When I first started speaking to teens about healthy relationships, I didn't realize how prevalent teen dating violence was.
Not until I started receiving letters like the one below, from girls who lived through it.
I have been through a lot and I just don’t know how to tell my mom. I was with this boy and he totally turned my life upside down. At first, he was really sweet and caring and I thought that he really loved me. Then it got crazy! He hit me, called me names, called me fat, and cheated on me. Even though he did all this stuff, I stayed with him and I exploited myself. I sent him nude pictures of myself and other things. Then he told his friends. I kind of hope you read this letter in class to tell girls that they deserve better and not to stick around with someone like that because they don’t really love you like they say they do.
It didn't take long to notice common threads throughout the hundreds of letters girls have written describing abuse they suffered at the hands of a boyfriend they believed loved them.
So, I started sharing these letters in class to educate girls (and guys) about teen dating violence. With hopes that one day young ladies will no longer need to write them.
Today I'm doing the same in this post, in recognition of February being Teen Dating Violence Awareness Month.
I'm hoping that together we can prevent teen dating violence from ever becoming your daughter's story.
The Lesson in the Letters
Nobody asks to be physically, sexually, psychologically or emotionally abused.
So, it's important to tell girls that teen dating violence is. NOT. their. fault!
And as powerless as they might feel within that situation, they have more power than they think.
Like the power to walk away from an abusive relationship.
When I read letters in class from girls who've stayed longer than they should have, we talk about the patterns that contributed to them choosing to stay.
The lessons these letters reveal may just help you save your daughter.
1. They don't love themselves enough to walk away.
Two years ago, in my sophomore year, I met this boy who I thought I truly loved. We were together for a year and a half, and in that year, I was abused emotionally and physically. It took me forever to believe he didn’t love me the way I loved him.
He may not have loved her the way she loved him, but maybe he loved her just as much as she loved herself. Because if she really loved herself, she would have never tolerated the abuse for a year and a half. Like I shared in my last post, the most important thing you can teach your daughter is how to love herself. When she learns that, she'll never stay in an abusive relationship.
2. They ignore the red flags out of fear of losing the relationship.
It all started July 4th before freshman year. This guy and I started dating. It was a mentally abusive relationship for 9 months. He was very short and that caused him to be insecure and I thought that if I had sex with him it would change that. I was wrong, the abuse got worse. I didn’t even want to have sex and I even cried at the thought of it, but I was so scared of him leaving me that I was willing to do anything.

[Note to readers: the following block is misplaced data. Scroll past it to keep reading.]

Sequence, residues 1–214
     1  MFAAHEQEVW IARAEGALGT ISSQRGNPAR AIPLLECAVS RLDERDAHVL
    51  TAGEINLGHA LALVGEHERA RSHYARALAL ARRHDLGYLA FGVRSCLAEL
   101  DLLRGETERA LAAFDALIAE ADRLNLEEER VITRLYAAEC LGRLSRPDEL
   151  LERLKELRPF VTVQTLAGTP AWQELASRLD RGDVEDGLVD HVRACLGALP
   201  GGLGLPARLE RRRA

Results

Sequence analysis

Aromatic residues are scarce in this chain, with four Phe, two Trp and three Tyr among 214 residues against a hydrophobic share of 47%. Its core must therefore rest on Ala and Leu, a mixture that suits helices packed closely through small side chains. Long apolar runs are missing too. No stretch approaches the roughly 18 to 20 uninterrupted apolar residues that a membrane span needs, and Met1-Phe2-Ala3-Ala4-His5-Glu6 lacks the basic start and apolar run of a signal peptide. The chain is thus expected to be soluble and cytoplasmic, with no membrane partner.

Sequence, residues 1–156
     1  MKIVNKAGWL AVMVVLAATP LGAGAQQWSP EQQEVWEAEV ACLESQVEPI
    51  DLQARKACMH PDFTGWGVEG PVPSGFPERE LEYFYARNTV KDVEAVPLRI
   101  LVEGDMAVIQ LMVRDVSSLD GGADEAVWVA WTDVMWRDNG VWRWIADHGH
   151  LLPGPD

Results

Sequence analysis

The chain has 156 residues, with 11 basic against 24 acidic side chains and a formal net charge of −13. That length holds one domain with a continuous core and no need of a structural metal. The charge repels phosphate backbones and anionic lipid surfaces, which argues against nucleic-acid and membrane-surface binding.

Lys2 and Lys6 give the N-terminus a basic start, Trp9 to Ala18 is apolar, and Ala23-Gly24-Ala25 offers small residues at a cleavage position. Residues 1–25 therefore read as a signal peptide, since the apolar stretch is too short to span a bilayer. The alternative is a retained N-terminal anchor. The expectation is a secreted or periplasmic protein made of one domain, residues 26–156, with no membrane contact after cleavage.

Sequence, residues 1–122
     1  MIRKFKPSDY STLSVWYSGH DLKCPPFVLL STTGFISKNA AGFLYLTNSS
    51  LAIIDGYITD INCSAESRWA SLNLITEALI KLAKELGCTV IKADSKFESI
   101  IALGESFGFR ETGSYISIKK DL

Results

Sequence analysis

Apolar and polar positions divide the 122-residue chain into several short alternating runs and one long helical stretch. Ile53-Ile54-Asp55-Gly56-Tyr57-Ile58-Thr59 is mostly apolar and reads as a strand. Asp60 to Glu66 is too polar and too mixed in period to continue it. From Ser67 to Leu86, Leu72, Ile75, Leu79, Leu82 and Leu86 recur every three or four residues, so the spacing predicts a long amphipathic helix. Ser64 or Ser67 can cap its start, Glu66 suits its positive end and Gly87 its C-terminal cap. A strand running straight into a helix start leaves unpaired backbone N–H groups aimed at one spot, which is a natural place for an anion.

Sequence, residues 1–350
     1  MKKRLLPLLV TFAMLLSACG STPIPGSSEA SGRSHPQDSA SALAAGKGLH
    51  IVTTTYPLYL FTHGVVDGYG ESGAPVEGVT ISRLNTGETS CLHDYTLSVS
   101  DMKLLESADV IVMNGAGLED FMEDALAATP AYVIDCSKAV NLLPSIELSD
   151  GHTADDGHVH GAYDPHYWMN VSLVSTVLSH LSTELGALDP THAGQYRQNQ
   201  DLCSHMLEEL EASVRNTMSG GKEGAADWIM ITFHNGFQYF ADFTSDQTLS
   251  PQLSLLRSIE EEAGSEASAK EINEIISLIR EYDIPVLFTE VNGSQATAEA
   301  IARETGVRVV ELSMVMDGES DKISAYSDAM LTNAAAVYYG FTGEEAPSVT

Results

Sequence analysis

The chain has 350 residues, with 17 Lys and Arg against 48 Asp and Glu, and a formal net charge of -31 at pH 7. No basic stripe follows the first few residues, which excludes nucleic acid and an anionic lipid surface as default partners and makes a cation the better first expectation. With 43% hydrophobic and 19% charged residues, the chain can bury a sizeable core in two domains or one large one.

Dr. Maya Angelou once said, "When someone shows you who they are, believe them the first time." That's a lesson ALL girls need to learn. And now is a great time to sit down with your daughter to discuss red flags she should look out for when dating (i.e. insecurity, jealousy, possessiveness). That way, if/when she finds herself in a relationship and the flags start waving, she'll heed them the first time and walk away.
3. They believe it's "normal."
A few years ago, I had a very abusive boyfriend, both verbally and physically. He would push me against hard places like doors and buildings and even against his car from time to time. Growing up my stepdad would occasionally do the same thing and that’s why when my ex did it,
I wasn’t scared.
Girls who see violence in their relationships as "normal" suffer from a distorted view of what love is. Not to mention low self-worth that fools them into accepting abuse as the price they have to pay for being "in love."
So, find out what your daughter's view of love is, and be prepared to challenge it if you discover it's not a healthy one. Talk to her about the kind of love she deserves and don't forget to remind her that "Love DOESN'T Hurt!"
The lessons in the letters I've shared above may not eliminate teen dating violence.
But, they might be the difference between your daughter recognizing the signs early on that say "this isn't healthy for me, walk away," and her becoming another statistic.
According to the National Resource Center on Domestic Violence, "3 in 4 parents never talk to their kids about teen dating violence."
So, guess what Mom?
If you just start with discussing this blog post with your daughter, you're already ahead of the game!
For more information about teen dating violence, check out the links below:
- Youth.Gov's Teen Dating Violence Prevention Resources
- The Respect Challenge Quiz (Is your daughter in a healthy or unhealthy relationship?)
- Futures Without Violence How to Talk to Teens About Dating Violence
Are you one of the 1 in 4 parents who've talked to their kids about teen dating violence? If so, we'd like to hear about the conversation you had with your daughter. And more importantly how has it impacted her dating choices?
Feel free to leave your comments below.
P.S. Don't forget to check out those teen dating violence resources, especially the quiz.